Tracking Website Uptime
As website designers and managers we want to provide fast and reliable online experiences for our customers. But where do we start on what seems like such a complex and highly technical task?
The first thing you need is a means of tracking your website’s uptime and performance so lets start by looking at monitoring tools. Pingdom is our particular favourite, offering some useful control over when and how you get alerted about any downtime on. So if you want to receive an SMS as soon as a site goes down, or just an email after an hour’s sustained outage, you can set that up. A number of hosting companies offer something similar, Rackspace for example has its Rackwatch service which not only alerts you but also someone from their hosting support team, who will leap into action to diagnose the problem. Google’s Webmaster Tools can even help here, sending you an email alert if Google experiences any connection issues when trying to crawl your site.
With your monitoring in place the next question which usually arises next is what is acceptable when it comes to website availability? The short (but not particularly helpful) answer is ‘It depends’, because what is acceptable when it comes to downtime will vary based on the nature of your business and how mission-critical your website is to it. You would expect Amazon for example to be a bit more downtime-conscious then say, your local pub. People generally see any momentary downtime on the BBC homepage as heralding the downfall of civilisation as we know it, but in its early years people came to accept that Twitter would be down at some point pretty much daily. When it comes to making the judgement for your own website think about what that downtime might cost you, either in direct sales or reputation.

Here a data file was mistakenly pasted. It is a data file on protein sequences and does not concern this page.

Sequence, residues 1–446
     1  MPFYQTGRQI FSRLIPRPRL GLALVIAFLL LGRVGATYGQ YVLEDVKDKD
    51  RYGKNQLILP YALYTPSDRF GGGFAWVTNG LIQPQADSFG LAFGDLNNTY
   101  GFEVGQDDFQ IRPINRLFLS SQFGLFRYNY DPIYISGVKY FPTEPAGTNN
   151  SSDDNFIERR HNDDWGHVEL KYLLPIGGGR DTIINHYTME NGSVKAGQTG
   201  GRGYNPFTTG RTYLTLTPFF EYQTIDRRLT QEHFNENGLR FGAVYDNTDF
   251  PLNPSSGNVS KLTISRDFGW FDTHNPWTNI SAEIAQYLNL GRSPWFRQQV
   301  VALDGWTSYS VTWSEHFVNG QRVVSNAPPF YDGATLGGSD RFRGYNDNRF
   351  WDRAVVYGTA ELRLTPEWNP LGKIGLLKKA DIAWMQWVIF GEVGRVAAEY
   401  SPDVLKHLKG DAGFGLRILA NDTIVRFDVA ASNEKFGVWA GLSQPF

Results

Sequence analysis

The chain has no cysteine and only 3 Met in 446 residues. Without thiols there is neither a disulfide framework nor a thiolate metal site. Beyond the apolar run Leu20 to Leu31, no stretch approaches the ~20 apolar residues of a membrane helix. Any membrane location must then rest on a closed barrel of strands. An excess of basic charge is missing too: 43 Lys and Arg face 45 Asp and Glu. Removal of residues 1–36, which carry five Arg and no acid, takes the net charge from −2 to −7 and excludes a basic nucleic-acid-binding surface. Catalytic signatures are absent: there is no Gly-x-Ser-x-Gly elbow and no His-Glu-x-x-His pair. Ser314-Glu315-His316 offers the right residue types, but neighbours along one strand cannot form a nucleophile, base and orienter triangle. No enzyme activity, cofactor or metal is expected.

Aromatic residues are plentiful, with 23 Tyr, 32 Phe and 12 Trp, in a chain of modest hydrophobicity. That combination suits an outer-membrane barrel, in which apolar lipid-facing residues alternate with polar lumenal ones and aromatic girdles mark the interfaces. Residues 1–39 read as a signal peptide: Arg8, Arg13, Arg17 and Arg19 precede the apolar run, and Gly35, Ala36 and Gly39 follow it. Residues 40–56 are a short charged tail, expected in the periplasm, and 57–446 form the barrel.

In 2013 website monitoring service Pingdom registered an average uptime of 97.4% across the 500,000+ sites they tracked over the year – which equates to about 19hrs downtime a month per site. At The Pixel Parlour we’ve established 99% as the minimum acceptable uptime for a website over a month. In any given month the average uptime across the client sites we monitor is 99.8%, so near perfect website availability is achievable without breaking the bank.